However, a strong bite can also indicate a lack of forage that makes fish hungrier. In addition, two independent reviews confirm the validity of the population estimates agreed upon by Tribal, GLIFWC, and State biologists. Reports are that the State’s ice fishing catch rates declined this winter, and the walleye are fat, leading to some optimism that the forage base might be doing better.
The Bands, GLIFWC, and the State will conduct a mark-recapture population study this year. This will result in a new population estimate that is more accurate than estimates from computer models. The state DNR also has undertaken a fish tagging study to better estimate the number of naturally produced walleye fry in the lake. The agency has also conducted a hooking mortality study and a study of what predator fish eat.
In 2018, the Mille Lacs Band, GLIFWC, the Fond du Lac Band, and the U.S. Fish and Wildlife Service will begin an ogaa tracking study to attempt to better understand the increase in walleye cannibalism.
Know Your Government: DNR
The Department of Natural Resources (DNR) develops and implements wildlife, fish, and forestry improvement activities and regulates hunting, fishing, and gathering on and off the reservation. It also provides many other services, including conservation enforcement, environmental protection, natural resource permits, historical and cultural preservation, and tribal enrollment.
The Commissioner of Natural Resources is Bradley Harrington. Commissioner Harrington has stated that an Anishinaabe view of natural resources includes a recognition that all things come from the Creator and are gifts from the Manidoog (Spirits).
"What the Anishinaabe see as natural resources are all the things the Manidoo have given them, including ceremonies, traditions, and the language," says Commissioner Harrington.
During his time in office he has language revitalization and cultural preservation while maintaining a strong emphasis on habitat, fish and wildlife, and conservation.
The Department operates a Wildlife Program to enhance and protect habitat and a Fisheries Program to monitor the health of area lakes, including Mille Lacs. The Fisheries Program also operates a fish hatchery to introduce walleye and perch fry to area lakes.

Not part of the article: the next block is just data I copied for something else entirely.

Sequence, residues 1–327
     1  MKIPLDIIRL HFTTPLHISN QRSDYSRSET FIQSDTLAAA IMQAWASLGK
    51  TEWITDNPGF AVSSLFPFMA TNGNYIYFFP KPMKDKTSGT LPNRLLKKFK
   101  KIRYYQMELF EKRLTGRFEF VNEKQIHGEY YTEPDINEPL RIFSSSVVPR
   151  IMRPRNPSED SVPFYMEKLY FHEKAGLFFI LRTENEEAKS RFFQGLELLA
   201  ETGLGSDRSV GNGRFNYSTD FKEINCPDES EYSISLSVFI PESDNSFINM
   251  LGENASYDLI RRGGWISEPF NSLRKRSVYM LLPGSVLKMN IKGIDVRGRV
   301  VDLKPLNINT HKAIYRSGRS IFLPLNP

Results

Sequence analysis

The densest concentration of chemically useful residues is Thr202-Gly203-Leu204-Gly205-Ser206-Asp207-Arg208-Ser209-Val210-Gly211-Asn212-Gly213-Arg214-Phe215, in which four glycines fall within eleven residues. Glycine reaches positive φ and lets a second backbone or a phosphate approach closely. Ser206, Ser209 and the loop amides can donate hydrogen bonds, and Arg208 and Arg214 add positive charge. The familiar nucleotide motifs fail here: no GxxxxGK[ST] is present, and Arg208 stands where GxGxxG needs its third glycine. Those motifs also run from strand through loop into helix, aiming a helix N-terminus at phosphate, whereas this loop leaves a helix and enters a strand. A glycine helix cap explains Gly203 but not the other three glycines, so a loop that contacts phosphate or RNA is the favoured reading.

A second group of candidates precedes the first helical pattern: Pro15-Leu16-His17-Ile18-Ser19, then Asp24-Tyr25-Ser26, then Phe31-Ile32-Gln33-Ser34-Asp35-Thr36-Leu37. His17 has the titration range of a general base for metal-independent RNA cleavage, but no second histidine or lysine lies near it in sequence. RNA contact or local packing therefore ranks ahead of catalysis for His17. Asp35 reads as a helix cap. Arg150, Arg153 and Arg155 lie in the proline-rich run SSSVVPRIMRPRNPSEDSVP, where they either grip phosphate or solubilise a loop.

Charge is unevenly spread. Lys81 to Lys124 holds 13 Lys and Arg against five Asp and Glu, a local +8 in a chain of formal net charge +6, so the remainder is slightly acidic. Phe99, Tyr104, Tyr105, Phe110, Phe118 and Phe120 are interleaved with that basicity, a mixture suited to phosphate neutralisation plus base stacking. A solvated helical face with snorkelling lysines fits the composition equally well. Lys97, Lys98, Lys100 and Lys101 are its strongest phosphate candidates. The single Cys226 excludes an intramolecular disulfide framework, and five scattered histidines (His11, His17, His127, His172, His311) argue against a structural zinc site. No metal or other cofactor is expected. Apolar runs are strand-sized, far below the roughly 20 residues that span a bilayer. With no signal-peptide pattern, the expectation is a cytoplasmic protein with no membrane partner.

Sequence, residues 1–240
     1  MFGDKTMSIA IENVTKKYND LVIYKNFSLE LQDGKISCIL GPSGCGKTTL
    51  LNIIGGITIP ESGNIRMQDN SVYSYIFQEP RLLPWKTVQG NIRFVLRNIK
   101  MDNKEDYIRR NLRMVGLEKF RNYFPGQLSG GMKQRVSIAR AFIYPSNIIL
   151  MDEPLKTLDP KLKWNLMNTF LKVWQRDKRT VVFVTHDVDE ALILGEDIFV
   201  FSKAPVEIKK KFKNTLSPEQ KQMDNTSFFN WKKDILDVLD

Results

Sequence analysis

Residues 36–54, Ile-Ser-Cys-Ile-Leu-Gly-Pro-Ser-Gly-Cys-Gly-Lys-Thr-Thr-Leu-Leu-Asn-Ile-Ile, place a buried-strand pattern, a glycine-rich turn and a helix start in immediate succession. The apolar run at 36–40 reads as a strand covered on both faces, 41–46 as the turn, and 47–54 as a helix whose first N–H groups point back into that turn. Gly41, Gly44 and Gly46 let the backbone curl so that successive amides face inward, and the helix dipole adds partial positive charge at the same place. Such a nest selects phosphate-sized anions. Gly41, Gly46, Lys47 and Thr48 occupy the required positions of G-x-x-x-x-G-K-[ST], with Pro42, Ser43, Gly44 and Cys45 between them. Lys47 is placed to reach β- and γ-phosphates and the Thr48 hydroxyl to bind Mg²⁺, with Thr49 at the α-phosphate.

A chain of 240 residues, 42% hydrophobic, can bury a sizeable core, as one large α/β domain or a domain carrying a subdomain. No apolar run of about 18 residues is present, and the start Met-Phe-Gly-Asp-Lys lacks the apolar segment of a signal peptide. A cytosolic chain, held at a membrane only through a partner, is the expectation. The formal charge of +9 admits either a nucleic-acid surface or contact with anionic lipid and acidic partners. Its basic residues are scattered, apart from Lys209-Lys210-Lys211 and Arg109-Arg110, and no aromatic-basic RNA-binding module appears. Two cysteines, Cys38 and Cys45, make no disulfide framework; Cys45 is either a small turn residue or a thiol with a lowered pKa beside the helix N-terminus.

In order to responsibly regulate natural resource use, the Department operates an Enforcement Program employing three conservation officers as well as a Licensing Program with clerks at the DNR building in District I, the Urban Office in Minneapolis, and district community centers in Districts II, IIa, and III.
Environmental Programs operates, administers, and coordinates activities associated with the Environmental Protection Agency and Band funded programs. In addition, inspections of NPDES (stormwater) and Underground Storage Tanks are conducted to ensure environmental resource protection. Environmental Programs includes an air program, ground/surface water program, a water quality lab, and a Brownfield Response Program.
The Real Estate office manages tribal properties and provides services to Band members who have questions about land leases, purchases, or other real estate activities.
The Tribal Historical Preservation Office (THPO) program works to preserve archaeological sites and repatriate artifacts. The tribal government’s archives department collects and preserves written materials for the Band and makes them available to researchers and other interested people.
The Wildland Program is responsible for maintaining and enhancing wildlands and for preventing and fighting wildfires.
The Tribal Enrollments Office assists people who want to enroll as a Mille Lacs Band member. It also provides enrolled Band members with tribal identification cards. Enrollments Manager: 320-532-7440. For more information on Tribal Enrollments, please see Enrollments.
The Department of Natural Resources also manages the Anishinaabe Izhitwaawin immersion grounds in Rutledge, Minnesota.
**Photos: Above: Carl Klimah. Below: Kelly Applegate